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Blue Hills deer hunt will be back

Jeff Keddy, of Hanover, participated in the deer hunt at Blue Hills on Nov. 30.
Jeff Keddy, of Hanover, participated in the deer hunt at Blue Hills on Nov. 30.Aram Boghosian for the Boston Globe/File

Last year’s controversial Blue Hills Reservation deer hunt is set to return this year — this time with bows and arrows.

Archers are expected to join hunters wielding shotguns over six days in November and December to cull deer from the 7,000-acre reservation, where wildlife officials say vegetation is being decimated by a deer population more than four times the target size. The planned hunt is longer than last year’s, which spanned four days, and will cover 3,835 acres instead of 2,980. A lottery will be used to select 420 hunters, more than twice as many as last year.

The 2015 hunt, the first since the land came under state protection in 1893, angered animal rights advocates who said the deer population could be better reduced through other methods, including birth control or relocation. But the state said those methods were too expensive or inefficient.


Animal rights advocates are newly enraged this year by the bow and arrow allowance, which they say is cruel and inefficient, often crippling animals rather than killing them.

“Bow hunting does not offer a humane solution — for people or animals,” Laura Hagen, deputy director of advocacy for the Massachusetts Society for the Prevention of Cruelty to Animals, wrote in a statement. “Bow hunting not only results in deer being wounded but not killed, but also means that passersby . . . simply trying to recreate outdoors are subject to the trauma of seeing a mortally wounded deer.”

But state officials and conservationists are adamant that last year’s hunt was not adequate and that expanded population control efforts are necessary. The state’s 2015 deer management plan called for controlled hunts through 2024 and beyond.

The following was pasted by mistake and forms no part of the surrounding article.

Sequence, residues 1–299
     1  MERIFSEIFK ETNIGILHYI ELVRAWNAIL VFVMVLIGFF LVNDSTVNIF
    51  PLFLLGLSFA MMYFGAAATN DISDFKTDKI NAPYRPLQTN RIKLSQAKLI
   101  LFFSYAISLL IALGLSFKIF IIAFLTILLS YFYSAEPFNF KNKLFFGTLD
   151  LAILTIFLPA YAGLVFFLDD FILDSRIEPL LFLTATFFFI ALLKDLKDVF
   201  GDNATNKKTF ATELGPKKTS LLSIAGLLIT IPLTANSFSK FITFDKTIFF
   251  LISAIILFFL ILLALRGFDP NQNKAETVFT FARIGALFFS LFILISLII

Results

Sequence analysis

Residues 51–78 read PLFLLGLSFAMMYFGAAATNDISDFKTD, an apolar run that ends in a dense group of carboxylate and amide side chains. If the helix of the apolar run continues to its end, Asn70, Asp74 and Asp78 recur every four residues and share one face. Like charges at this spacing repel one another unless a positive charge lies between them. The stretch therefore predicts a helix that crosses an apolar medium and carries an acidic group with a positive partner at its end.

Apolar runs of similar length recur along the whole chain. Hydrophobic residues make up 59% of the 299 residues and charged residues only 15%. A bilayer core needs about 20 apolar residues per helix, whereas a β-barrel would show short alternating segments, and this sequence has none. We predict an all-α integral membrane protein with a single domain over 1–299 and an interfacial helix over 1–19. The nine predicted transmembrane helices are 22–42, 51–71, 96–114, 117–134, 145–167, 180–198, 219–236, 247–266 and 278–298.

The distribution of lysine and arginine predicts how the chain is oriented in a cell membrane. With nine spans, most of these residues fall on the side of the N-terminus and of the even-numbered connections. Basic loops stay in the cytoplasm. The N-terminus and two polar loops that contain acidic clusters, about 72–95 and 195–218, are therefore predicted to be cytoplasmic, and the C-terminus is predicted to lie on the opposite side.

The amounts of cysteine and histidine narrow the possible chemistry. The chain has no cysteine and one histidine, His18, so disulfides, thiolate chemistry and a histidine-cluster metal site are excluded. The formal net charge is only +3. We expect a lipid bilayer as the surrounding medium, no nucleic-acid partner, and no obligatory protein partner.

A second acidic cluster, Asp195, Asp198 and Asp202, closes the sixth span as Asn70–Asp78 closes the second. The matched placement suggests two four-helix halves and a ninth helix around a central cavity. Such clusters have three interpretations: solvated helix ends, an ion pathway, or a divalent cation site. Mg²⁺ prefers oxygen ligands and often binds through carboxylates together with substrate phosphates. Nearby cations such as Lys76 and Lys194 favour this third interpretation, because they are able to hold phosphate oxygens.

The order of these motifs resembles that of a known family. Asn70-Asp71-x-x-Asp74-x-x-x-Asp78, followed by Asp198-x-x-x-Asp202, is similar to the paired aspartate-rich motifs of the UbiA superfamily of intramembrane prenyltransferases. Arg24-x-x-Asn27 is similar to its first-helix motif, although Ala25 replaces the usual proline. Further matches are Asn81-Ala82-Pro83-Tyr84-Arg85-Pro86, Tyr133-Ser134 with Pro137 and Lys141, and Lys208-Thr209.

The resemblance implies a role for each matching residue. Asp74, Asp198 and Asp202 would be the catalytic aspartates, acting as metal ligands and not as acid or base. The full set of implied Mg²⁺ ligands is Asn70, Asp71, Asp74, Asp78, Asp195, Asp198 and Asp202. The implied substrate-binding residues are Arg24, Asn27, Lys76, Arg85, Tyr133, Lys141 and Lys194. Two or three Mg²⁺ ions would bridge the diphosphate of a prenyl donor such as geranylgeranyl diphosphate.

Marion Larson, chief of information and education for the state’s Division of Fisheries & Wildlife, defended archery as a population control method.


“In some parts of the reservation, if a shotgun blast goes off, people could be more concerned, whereas if you’re using archery equipment you don’t hear anything,” she said.

Archery will be permitted only in designated areas of the park, and hunters will be able to use either bows and arrows or shotguns, not both.

Jack Clarke, director of public policy and government relations at Mass Audubon, said overgrazing has created “wounds in the forest habitat” by endangering native plant species and allowing invasive ones to move in.

“Their plan last year won’t get them close to what Mass Audubon considers a sustainable level of protecting the diversity of the Blue Hills, so they need to increase it,” he said.

But some neighbors insist the damage to vegetation is not solely the deer’s fault.

“The Blue Hills is a heavily used urban park, and its vegetation is impacted by many factors such as pollution, development . . . [and] global warming,” said Steve Rayshick, a founding member of Friends of the Blue Hills Deer.

The state will host two public hearings about last year’s results and this year’s plan, on July 12 and Aug. 2.

A 2013 report by the Division of Fisheries & Wildlife found more than 85 deer per square mile in the Blue Hills — a figure far exceeding the state’s target of six to 20 deer per square mile.

Report author and deer biologist David Stainbrook said officials have not reevaluated deer density since then but will likely do so next spring. Last year’s hunt alone would not have been enough to produce a measurable reduction, he said.


Vivian Wang can be reached at vivian.wang@globe.com.